2 probes, common defaulters on 'shamlat' occupation | chandigarh | Hindustan Times
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2 probes, common defaulters on 'shamlat' occupation

chandigarh Updated: Nov 10, 2013 00:38 IST
Prabhjit Singh
Prabhjit Singh
Hindustan Times
Highlight Story

The larger public issue of illegal occupation of village panchayat and government lands, triggered by a dispute between police officers over the value of such lands way back in 2007 has failed to make the Punjab government act.


Though the Justice Kuldip Singh tribunal's two interim reports got highlighted, the previous Chander Shekhar committee interim reports of 2010 on the illegal land deals are a bigger can of worms that the state never opened.

It was on a criminal complaint by a villager of Kansal in 2007 that the Punjab and Haryana high court entrusted an inquiry into the occupation of all such lands in the Chandigarh's periphery to then ADGP (law and order) Chander Shekhar.

The high court had clearly observed in its December 2007 order, "This court noted from the material on record that value of the property in and around Chandigarh was subject matter of dispute between police officers who appeared to have acquired properties illegally which, according to the state of Punjab, was being inquired into by an ADGP-rank officer."

Shekhar had specifically zeroed in on 49 bigwigs whose land holdings in the Chandigarh's periphery needed to be thoroughly probed.

DGP Sumedh Singh Saini, ex-DGP SS Virk, retired IAS officers Shivinder Singh Brar and V K Khanna, and retired IPS officers Sridhar Reddy and Dharam Singh Mohi were among the high-ups named in Shekhar's interim reports submitted with the high court for a follow-up action.

As the action was still awaited, the Justice Kuldip Singh tribunal, however, gave a clean chit to retired IPS officer Dharam Singh Mohi and retired IAS officer V K Khanna, zeroing in on the rest among the aforesaid influential people.

Smelling a nexus

Shekhar, now retired, had advocated that the entire matter be entrusted to the CBI citing reasons in his last interim report in November 2010 as:

"…to unearth the truth and for hazard-free inquiry by an independent investigating agency out of the purview of influential authorities within the state and otherwise being involvement of a nexus of land mafia with some politicians, bureaucrats, police officers etc, it would be appropriate to transfer this inquiry to the CBI to identify the real culprits at various levels so that free, fair, unbiased and independent report could be submitted to the high court."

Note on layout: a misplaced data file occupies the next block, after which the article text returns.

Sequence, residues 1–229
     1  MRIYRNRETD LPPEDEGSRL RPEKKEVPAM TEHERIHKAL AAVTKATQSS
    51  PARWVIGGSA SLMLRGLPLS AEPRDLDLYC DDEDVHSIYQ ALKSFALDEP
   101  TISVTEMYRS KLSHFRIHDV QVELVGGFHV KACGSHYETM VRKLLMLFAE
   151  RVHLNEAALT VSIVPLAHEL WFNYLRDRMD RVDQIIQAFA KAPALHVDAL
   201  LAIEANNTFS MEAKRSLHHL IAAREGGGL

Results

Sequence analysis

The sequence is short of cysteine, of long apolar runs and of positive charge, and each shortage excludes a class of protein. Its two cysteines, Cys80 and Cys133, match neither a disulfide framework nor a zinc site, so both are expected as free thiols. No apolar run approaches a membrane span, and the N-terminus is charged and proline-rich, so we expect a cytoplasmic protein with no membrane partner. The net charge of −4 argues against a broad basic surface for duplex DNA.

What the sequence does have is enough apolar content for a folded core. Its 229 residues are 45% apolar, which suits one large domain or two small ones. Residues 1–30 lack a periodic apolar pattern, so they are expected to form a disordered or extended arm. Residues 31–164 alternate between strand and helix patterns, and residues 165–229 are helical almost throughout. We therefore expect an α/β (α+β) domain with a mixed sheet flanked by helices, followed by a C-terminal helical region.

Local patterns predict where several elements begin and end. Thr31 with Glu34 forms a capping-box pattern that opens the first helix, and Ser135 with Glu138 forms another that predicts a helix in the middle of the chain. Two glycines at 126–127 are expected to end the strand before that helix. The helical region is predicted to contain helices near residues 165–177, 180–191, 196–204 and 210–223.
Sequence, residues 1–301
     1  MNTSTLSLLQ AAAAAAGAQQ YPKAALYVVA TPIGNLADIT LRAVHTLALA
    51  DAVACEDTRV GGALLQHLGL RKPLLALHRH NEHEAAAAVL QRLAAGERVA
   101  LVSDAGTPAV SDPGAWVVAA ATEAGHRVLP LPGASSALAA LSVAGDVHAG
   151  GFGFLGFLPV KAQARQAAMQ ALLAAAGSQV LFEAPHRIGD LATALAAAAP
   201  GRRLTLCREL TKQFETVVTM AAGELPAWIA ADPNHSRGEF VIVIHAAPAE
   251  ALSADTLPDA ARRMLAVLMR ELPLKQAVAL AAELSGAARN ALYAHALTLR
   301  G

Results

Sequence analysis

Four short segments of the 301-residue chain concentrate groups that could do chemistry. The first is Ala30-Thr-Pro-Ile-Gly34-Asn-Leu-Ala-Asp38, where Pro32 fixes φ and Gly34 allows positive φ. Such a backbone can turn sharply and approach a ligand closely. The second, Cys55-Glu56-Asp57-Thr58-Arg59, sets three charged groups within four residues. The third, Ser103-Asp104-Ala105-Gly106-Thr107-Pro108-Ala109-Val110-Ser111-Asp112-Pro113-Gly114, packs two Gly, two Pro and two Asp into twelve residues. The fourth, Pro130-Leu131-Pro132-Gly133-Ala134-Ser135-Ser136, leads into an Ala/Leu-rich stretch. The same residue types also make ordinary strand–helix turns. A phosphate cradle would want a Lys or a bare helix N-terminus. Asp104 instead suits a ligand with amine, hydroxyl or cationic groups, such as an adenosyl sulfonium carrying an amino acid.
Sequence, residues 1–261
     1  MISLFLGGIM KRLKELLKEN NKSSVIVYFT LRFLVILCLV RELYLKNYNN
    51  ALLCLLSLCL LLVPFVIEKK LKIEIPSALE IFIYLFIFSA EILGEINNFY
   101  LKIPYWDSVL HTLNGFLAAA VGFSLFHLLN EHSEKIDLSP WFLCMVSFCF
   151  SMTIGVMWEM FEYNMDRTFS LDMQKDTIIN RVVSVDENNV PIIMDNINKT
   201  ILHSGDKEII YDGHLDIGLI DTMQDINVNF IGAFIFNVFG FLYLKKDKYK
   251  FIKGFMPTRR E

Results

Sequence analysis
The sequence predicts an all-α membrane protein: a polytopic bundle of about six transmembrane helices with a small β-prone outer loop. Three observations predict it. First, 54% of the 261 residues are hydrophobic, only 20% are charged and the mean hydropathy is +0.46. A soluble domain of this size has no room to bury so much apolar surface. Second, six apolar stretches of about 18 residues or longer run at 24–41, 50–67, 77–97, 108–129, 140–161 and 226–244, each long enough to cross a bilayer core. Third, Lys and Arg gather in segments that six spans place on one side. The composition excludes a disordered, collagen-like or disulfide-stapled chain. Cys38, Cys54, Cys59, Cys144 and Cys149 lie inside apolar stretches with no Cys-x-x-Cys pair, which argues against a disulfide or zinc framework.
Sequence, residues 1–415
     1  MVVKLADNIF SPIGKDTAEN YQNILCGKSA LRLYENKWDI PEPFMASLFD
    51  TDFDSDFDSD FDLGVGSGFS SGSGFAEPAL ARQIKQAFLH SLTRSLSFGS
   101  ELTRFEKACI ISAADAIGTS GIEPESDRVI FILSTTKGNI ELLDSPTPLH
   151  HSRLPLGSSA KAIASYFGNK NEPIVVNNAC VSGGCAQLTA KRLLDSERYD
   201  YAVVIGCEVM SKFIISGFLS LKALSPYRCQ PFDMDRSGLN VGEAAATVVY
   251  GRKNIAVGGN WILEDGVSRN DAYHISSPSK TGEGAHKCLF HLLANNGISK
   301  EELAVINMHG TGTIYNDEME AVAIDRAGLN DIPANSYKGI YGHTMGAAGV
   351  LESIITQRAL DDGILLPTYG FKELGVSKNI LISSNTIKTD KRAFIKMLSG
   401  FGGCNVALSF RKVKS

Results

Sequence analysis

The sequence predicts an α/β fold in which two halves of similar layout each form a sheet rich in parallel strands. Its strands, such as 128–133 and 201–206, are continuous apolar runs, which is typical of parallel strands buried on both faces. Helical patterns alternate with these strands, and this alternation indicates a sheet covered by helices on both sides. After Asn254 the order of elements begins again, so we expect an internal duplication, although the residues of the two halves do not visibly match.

"The revenue department was supposed to possess the knowledge of ownership/possession of 'benami' properties, but no information in this regard has been supplied by the department," he highlighted in his reports.

Refusal to probe

The high court, after Shekhar's retirement, had entrusted the unfinished task to IPS officers CSR Reddy and HS Dhillon, who subsequently expressed their helplessness in doing so.

One of the two police officers had reasoned that some officers named in the previous reports of Chander Shekhar were senior to him, thus, it would not be advisable and practicable for a junior to probe the matter.

A nexus?

The high-ups manipulating the occupation of shamlat lands had a sigh of relief along with the revenue department when the Supreme Court set aside the high court's stay on the sale deeds and mutations of 'shamlat' lands, on August 31, 2012, till completion of the probe by the Justice Kuldip Singh tribunal.

It was the state's financial commissioner revenue who had petitioned against the annulment of the Justice Kuldip Singh tribunal, with a plea for stay on the high court verdict against the registries of the 'shamlat' land as an interim relief.

This was a victory for those keen on getting registries of the 'shamlat' patches in their name as at least 25 registries of the similar lands were inked in Majri block alone in the first week of September 2012. The Dera Bassi block that covered the Shivalik foothills on the western side adjacent to Panchkula was no exception.